Zomes makes the most of a handful of notes on new album
Published: April 6, 2011
Some listeners may say what Asa Osborne does as Zomes is “simple.” The songs, most within the usual few-minute pop-song range, are so spare and spartan, the components so few, that they might make even the most sugary power pop or the most monolithic drone sound like a tangled web in comparison. It’s not that deeper, more focused listening reveals some kind of compositional substrata; there’s no trickery. And considering how Osborne wrote guitar parts for Lungfish and, later, the Pupils, you can’t argue that he’s up to some winking concept with Zomes—writing music like this is nothing new. It is what it is.
Yet you might be compelled to probe it. That’s because it works when perhaps it shouldn’t. Or, more accurately, it just wouldn’t work in the hands of most musicians/composers. Accompanied by a muffled tom drum or barely audible field recording, Zomes is a collection of melodies, played on a basic keyboard or sometimes guitar, that use notes like some precious commodity of which the world is quickly running out, like that last little bit of jam Charlton Heston savors in Soylent Green. Saying that he makes these limited sounds count would be an understatement.
The songs are much like his paintings: blocky cutouts compiled from shapes that might’ve emerged from your own subconscious onto a notebook margin at some point and colors from a restrained palette that suggests an alternate-reality pastel (a good thing, mind you). You’re not so much wondering, What does it all mean?—though you’re welcome to. Instead, Osborne’s art is pleasing in an open and deeply felt sorta way wherein that pleasantry becomes its own meaning.
Perhaps it’s peculiar that Osborne’s songs and visual artwork can be both beautiful and strange without asking much of or testing the listener/viewer in the same kind of way that the avant-garde has trained us to. It’s just nice. His second studio album as Zomes, Earth Grid (Thrill Jockey), shows Osborne remains restrained. The sound palette remains much the same: synthesizers that hum more than sing and, when a bit more gravity is called for, an electric guitar appearing in what feels like those big concrete blocks that ight be used to counterweight a drawbridge.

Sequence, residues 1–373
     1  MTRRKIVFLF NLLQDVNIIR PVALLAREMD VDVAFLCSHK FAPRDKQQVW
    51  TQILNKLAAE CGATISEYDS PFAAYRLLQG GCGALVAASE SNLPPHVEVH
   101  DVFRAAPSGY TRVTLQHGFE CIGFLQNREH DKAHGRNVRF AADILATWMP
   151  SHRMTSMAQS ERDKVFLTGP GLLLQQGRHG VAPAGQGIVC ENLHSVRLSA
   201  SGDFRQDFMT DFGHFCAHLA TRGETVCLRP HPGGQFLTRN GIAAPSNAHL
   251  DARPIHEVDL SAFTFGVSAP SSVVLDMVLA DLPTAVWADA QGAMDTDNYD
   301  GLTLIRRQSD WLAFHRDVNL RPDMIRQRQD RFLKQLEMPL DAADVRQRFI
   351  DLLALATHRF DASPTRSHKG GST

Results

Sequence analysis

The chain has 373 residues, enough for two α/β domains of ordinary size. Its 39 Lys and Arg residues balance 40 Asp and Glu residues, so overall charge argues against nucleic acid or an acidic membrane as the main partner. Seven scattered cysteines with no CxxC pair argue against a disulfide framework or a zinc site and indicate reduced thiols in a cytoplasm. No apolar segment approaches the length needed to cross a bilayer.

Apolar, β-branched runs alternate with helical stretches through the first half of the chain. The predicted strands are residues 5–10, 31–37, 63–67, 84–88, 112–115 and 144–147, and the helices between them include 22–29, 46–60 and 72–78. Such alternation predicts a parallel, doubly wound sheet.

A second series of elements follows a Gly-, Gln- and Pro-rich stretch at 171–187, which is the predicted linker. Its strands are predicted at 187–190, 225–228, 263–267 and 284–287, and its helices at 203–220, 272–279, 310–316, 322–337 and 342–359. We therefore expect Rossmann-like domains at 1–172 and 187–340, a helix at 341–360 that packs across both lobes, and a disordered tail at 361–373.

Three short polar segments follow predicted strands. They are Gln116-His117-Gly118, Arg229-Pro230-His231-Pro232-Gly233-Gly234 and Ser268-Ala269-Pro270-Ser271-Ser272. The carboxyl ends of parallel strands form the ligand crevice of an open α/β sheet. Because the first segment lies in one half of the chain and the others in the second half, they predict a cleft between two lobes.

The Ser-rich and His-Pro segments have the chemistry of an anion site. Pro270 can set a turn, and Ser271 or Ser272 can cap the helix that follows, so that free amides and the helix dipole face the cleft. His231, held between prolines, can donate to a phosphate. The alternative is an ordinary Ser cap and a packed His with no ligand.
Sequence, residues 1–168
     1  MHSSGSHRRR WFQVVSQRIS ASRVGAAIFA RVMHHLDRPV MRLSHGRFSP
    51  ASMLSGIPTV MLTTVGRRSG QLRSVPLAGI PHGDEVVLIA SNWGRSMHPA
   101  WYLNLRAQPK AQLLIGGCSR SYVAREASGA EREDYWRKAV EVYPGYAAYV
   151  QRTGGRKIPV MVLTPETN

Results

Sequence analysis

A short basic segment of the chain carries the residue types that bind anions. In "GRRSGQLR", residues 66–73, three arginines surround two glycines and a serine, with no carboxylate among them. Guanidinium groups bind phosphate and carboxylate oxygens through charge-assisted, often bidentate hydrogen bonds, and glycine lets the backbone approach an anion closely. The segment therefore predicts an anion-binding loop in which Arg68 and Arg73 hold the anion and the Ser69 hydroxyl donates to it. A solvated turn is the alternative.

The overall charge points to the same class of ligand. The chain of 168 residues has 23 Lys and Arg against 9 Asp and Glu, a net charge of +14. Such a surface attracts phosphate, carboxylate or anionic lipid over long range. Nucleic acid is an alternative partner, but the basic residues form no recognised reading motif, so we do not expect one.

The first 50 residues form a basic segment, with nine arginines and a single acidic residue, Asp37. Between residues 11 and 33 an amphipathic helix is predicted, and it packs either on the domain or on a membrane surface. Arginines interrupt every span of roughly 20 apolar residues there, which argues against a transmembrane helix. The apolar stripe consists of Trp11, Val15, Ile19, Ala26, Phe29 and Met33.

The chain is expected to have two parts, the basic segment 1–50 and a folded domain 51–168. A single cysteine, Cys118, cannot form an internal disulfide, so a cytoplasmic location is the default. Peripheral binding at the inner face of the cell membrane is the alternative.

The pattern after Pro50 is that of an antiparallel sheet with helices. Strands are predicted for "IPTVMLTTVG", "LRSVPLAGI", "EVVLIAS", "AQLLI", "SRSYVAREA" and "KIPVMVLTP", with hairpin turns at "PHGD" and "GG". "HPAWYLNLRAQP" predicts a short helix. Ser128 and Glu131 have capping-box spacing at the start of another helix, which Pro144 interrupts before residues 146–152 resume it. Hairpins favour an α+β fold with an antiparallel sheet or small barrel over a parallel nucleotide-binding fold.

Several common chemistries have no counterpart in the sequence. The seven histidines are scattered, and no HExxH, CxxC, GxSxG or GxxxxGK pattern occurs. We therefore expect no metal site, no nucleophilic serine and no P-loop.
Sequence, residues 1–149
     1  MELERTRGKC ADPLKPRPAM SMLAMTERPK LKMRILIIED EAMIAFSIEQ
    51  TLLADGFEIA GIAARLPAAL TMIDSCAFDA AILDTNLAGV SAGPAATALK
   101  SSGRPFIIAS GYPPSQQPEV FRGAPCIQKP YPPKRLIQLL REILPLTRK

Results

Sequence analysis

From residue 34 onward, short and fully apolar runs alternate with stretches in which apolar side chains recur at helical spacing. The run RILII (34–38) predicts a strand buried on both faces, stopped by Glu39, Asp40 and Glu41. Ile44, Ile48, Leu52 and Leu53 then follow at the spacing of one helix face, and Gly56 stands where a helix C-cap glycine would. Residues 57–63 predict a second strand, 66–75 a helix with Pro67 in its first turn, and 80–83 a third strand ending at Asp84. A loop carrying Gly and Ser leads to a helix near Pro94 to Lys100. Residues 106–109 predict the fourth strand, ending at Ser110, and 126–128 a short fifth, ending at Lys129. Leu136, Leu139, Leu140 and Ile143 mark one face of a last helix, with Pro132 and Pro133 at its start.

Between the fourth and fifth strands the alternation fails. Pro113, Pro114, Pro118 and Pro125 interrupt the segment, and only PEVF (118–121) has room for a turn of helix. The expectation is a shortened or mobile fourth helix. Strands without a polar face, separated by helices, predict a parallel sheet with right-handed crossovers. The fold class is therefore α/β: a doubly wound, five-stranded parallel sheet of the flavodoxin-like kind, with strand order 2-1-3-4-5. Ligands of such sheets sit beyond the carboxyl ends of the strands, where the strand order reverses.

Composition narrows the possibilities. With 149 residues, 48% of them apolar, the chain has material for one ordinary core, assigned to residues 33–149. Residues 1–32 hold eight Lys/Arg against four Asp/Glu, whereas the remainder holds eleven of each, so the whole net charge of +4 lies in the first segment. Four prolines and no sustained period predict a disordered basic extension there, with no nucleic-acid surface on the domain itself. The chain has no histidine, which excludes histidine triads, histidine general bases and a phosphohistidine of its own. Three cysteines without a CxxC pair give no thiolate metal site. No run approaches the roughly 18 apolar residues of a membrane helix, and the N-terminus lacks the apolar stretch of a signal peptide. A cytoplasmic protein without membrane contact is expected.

The songs don’t get all that much more complicated than “Pilgrim Traveler,” on which a comparatively quick keyboard melody flits around the above-mentioned concrete, with a tom beating out more punctuation than rhythm. “Bloodlines” patrols the other end of the spectrum: two keyboard notes, each held for several measures, and alternating. Almost as a taunt or a self-aware tease of Osborne’s punk history, “Step Anew” leads in with 10 or so seconds of harsh electric guitar that flame out into yet another blissy synth melody.
Many of the songs on Earth Grid would feel incomplete without their peers on the record. Tracks on Zomes’ self-titled debut tended more to resolve within themselves; the starts and stops are more abrupt here. “Step Anew” is one of a few that feel totally self-contained; “Bloodlines” naturally feels like a segue. The five-odd-minute “Alec’s Anthem” takes that time and repeats just three notes, but games them ever so slightly as the song moves along, holding this or that note out a little longer—or way, way longer—or making an edge of guitar distortion swell just a bit on the next repeat. Or maybe that’s just in your head.
Zomes ultimately makes you process music a bit differently. As with a lot of experimental music, some listeners will latch on because simply because it’s unusual. From another angle, Zomes makes for a queer variety of psych music, or a kind of synthesizer folk. Or maybe some might enjoy it simply because those melodies are so good in the basic sense of being enjoyable to hear. Indeed, Osborne is amazing at writing naked melody like no one else.
But probably none of those angles works well enough with Zomes. It transcends all of them. It feels silly that music this stripped down and immediately easy to appreciate might call for a new way of listening, but even the avant-garde hasn’t really prepared us for this. Maybe all we can do then is listen and stop trying to explain.
> Email Michael Byrne